“The recovery will start to hit speed bumps into the end of the year. Local lockdowns and new restrictions heap uncertainty on businesses, and demand remains limited in many areas.”

The ONS said the UK economy was 18.6 per cent bigger in July than it was at its April low.

Yet in July UK GDP remained 11.7 per cent below its level in February, before the full impact of the coronavirus pandemic.

GDP recovery ‘likely to stall’

Samuel Tombs, chief UK economist at consultancy Pantheon Macroeconomics, said growth was likely to be strong in August and September.

He said it would be “assisted by far greater than usual numbers of people staying in the UK during the summer holiday season” and “the full reopening of schools”.

But he said: “Thereafter, the recovery likely will stall if, as looks likely, new Covid-19 infections continue to rise.” Tombs said that would keep “people working from home and avoiding consuming services that require close human contact”.

Coronavirus cases have risen sharply in recent days. The number of daily new cases has consistently been just below 3,000 this week, whereas they were consistently half that the week before.

In response to the spike, the government has limited the number of people who can meet socially to six.

Yael Selfin, chief economist at auditing giant KPMG, said: “The risk of a second wave of infections in the autumn could derail the nascent recovery and put the economy into a lower gear.”

By Harry Robertson

Source: City AM

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Bank of England: Downturn better than feared but UK faces longer recovery

The Bank of England has significantly improved its prediction for the path of the UK economy this year, but said the recovery will take longer than initially expected.

The Bank’s projection, released today, said the UK economy was likely to shrink by 9.5 per cent this year and then grow by nine per cent in 2021.

It is still more optimistic than many forecasts, but predicts a slower rebound that the Bank expected in May. Then, it said GDP would shrink by 14 per cent this year and grow by 15 per cent in 2021.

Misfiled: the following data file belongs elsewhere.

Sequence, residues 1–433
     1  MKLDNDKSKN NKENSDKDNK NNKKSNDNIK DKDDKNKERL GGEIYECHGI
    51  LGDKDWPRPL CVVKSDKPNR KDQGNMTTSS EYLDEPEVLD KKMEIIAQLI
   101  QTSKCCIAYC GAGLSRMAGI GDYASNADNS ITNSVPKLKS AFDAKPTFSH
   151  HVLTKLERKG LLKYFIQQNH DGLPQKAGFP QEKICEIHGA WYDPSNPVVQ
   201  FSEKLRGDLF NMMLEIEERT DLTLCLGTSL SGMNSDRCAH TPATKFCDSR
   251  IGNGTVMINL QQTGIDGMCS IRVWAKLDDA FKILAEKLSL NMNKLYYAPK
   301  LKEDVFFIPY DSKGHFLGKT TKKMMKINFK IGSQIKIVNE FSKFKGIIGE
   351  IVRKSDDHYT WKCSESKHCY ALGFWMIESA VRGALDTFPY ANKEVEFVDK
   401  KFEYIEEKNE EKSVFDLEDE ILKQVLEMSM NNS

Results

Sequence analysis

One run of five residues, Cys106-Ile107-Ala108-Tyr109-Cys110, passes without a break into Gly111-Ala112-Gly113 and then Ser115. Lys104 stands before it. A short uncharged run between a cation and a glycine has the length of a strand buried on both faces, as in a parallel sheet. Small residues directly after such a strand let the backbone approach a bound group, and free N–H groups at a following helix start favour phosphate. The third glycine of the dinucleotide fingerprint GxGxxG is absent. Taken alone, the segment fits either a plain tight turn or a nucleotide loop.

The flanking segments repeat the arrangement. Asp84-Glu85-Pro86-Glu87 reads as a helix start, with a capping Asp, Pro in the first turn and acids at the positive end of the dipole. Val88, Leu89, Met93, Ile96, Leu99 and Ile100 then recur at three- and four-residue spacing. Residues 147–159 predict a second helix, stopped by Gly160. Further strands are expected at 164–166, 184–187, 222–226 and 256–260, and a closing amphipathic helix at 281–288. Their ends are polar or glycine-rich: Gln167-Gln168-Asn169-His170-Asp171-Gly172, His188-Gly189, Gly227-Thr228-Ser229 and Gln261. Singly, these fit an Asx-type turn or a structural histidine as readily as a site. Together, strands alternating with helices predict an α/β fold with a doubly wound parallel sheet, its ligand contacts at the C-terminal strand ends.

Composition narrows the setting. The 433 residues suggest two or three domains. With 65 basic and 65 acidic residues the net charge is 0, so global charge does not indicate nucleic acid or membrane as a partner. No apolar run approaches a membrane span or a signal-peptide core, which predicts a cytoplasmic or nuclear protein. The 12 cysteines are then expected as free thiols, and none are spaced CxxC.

Threadneedle Street’s latest monetary policy report predicted UK GDP would not recover its pre-coronavirus size until the end of 2021. It had previously expected it to recover by “the second half of 2021”.

It came as the Bank left interest rates on hold at their record low level of 0.1 per cent. And it left its bond-buying target at £745bn, both in 9-0 votes among the monetary policy committee (MPC).

The MPC flagged that rates could stay lower for longer, however. It changed its guidance to say it “does not intend to tighten monetary policy until there is clear evidence that significant progress is being made in eliminating spare capacity and achieving the two per cent inflation target sustainably”.

The pound jumped in the wake of the decision. It was last up 0.4 per cent at $1.317.

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Bank of England: 2020 better than expected but 2021 worse

Bank of England governor Andrew Bailey told journalists: “We have had a strong recovery in the last few months.”

“The pace of recovery in the data that we’ve had since May puts the economy ahead of where we thought it would be in May.” This was largely due to the lockdown being eased earlier than expected, the Bank said.

It predicted that unemployment is likely to touch 7.5 per cent this year and then drop to six per cent in the fourth quarter of 2021.